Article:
These additional revenues include £380m for health and social care integration and mental health, £234m to pay the living wage to social care staff, and £150m for additional teaching and support staff in schools. It does make sense to include these elements in the calculation. But even so, the 3.5% real terms funding increase has to be seen within the context of a significant increase in local government’s delivery responsibilities over the same period.
In other words, whilst the story of the past five years has not been one of funding cuts – at least as clearly as at the last election – local government’s funding settlement has nonetheless been very constrained.
Chart 2: Local government core funding from Scottish Government, real terms.
Source: For 2017/18 to 2021/22, Provisional Outturn and Budget Estimates (POBE); for 2022/23, Local Government Finance Circular 1/2022.
One result of this funding constraint is a further concentration of local government spending on education and social care. Between 2017/18 and 2021/22 (the latest year for which data is available), spending on education increased 6% in real terms, whilst for social work the increase was 5%. The flipside of this was a 9% real terms decline in local government spending on cultural services and an 8% decline in environmental services spending.
Despite these funding pressures, overall satisfaction with council services had held up reasonably well, at least until 2019 – the latest year for which we have comparable data (Chart 3). However, there was also some evidence of a decline in satisfaction with particular aspects of local government service delivery in 2017 and 2018. This coincides with a period when local government funding was cut particularly rapidly. It will be interesting to see how this trend is affected by the pandemic once data is available.
Chart 3: Percentage of respondents agreeing or strongly agreeing with various statements about local services.
Source: FAI analysis of Scottish Household Survey
Local government will retain a critical role over the next five years in delivering key Scottish government priorities and commitments, particularly around childcare, educational attainment, and climate objectives (e.g. in relation to improvements to the housing stock and active travel plans). And clearly, major existing agendas such as health and social care integration and digitalisation of public services will remain high priorities.
Yet at the same time, it is hard to see an immediate reversal in the broad trend of funding constraint. The forthcoming Scottish government Spending Review, to be published in May, should shed further light on the funding outlook for 2023/24 and 2024/25.
In addition to consideration of the local government funding envelope in totality, local government will be interested to know more about the outlook for its core budget, relative to elements of the budget that are ringfenced in some way. The government has committed to work with local authorities to produce a fiscal framework for local government this parliament. The expectation is that this might set out clearer criteria about when it is or isn’t appropriate for local government funding resources to be ringfenced. But the timescales for production of the review are not yet known.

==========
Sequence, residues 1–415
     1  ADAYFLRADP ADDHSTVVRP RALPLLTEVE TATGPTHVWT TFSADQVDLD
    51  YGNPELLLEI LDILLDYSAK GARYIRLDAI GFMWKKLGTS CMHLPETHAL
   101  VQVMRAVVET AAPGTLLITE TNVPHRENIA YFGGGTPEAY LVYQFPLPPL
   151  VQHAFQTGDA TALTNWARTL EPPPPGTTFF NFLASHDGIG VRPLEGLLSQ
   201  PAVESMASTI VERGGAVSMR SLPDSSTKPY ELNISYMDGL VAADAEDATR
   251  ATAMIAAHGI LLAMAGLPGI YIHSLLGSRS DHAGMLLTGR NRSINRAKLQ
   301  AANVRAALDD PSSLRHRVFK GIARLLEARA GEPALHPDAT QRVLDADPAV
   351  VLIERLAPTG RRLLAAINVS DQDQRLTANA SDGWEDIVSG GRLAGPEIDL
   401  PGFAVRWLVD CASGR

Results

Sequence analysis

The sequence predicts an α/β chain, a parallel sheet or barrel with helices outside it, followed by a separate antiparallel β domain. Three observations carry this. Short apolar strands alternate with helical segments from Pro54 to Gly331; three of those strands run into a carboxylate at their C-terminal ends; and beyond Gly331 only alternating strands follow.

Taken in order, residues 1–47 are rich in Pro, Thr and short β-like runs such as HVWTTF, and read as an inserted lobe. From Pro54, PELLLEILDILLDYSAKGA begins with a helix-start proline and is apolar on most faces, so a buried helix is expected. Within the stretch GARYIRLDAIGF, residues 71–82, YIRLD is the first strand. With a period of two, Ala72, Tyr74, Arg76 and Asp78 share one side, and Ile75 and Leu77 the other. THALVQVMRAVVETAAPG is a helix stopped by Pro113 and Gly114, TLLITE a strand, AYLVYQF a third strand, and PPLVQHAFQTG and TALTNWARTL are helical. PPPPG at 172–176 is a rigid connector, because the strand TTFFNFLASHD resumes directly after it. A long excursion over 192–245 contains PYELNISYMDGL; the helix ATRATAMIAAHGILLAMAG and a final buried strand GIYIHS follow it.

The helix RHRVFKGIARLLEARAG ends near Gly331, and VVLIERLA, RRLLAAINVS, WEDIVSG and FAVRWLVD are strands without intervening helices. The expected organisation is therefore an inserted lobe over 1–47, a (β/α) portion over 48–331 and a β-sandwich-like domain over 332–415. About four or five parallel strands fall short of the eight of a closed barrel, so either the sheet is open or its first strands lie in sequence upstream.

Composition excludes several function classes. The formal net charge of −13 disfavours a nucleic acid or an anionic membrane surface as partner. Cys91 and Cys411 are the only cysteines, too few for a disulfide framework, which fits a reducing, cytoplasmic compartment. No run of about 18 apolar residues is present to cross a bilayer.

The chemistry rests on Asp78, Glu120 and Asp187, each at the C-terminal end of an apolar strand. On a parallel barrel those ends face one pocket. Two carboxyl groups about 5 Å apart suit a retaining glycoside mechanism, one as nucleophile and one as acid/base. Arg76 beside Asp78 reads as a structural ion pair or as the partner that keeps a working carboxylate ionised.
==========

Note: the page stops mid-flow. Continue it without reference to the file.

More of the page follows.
A major area of uncertainty is what the future of social care will mean for local government. The Scottish government has set out its intentions to establish a new National Care Service by 2026. There are a number of well-founded justifications for the proposed National Care Service, including parity with the NHS, stronger opportunities for staff retention, and consistency of service across the country. But there is little clarity yet about what the reforms will mean for the role of local government in shaping local priorities. COSLA has accused the proposals as representing an attack on localism.
Another uncertainty is the prospects for local tax reform. The past five years have seen relatively little movement on this front. The government has introduced legislation to allow local authorities to introduce Workplace Parking Levies, although the practical advantage of this as a policy has been temporarily stymied by the pandemic. Debates around the introduction of local powers over tourism levies is progressing slowly. On council tax, the SNP-Green Collaboration Agreement makes the case for a ‘fairer, more inclusive and fiscally sustainable form of local taxation’. It proposes a process of deliberative engagement and a citizens jury to consider reforms in further detail. Whether this process culminates in a more concrete political willingness to reform council tax than previous processes remains to be seen.
The past five years have seen no major revolutions of local government financing arrangements or public services delivery. But evolution continues at pace. Local government played a critical role in supporting the pandemic response, and continues to play an increasingly important role in delivering core Scottish government commitments in areas from child poverty and the cost of living crisis to climate change.
The next five years may see more substantive evolution in the role and responsibility of local government in Scotland. Whether this happens in a way that enhances, or further erodes, public engagement with local democracy remains to be seen.
This article is part of the 2022 Q1 Fraser of Allander Economic Commentary.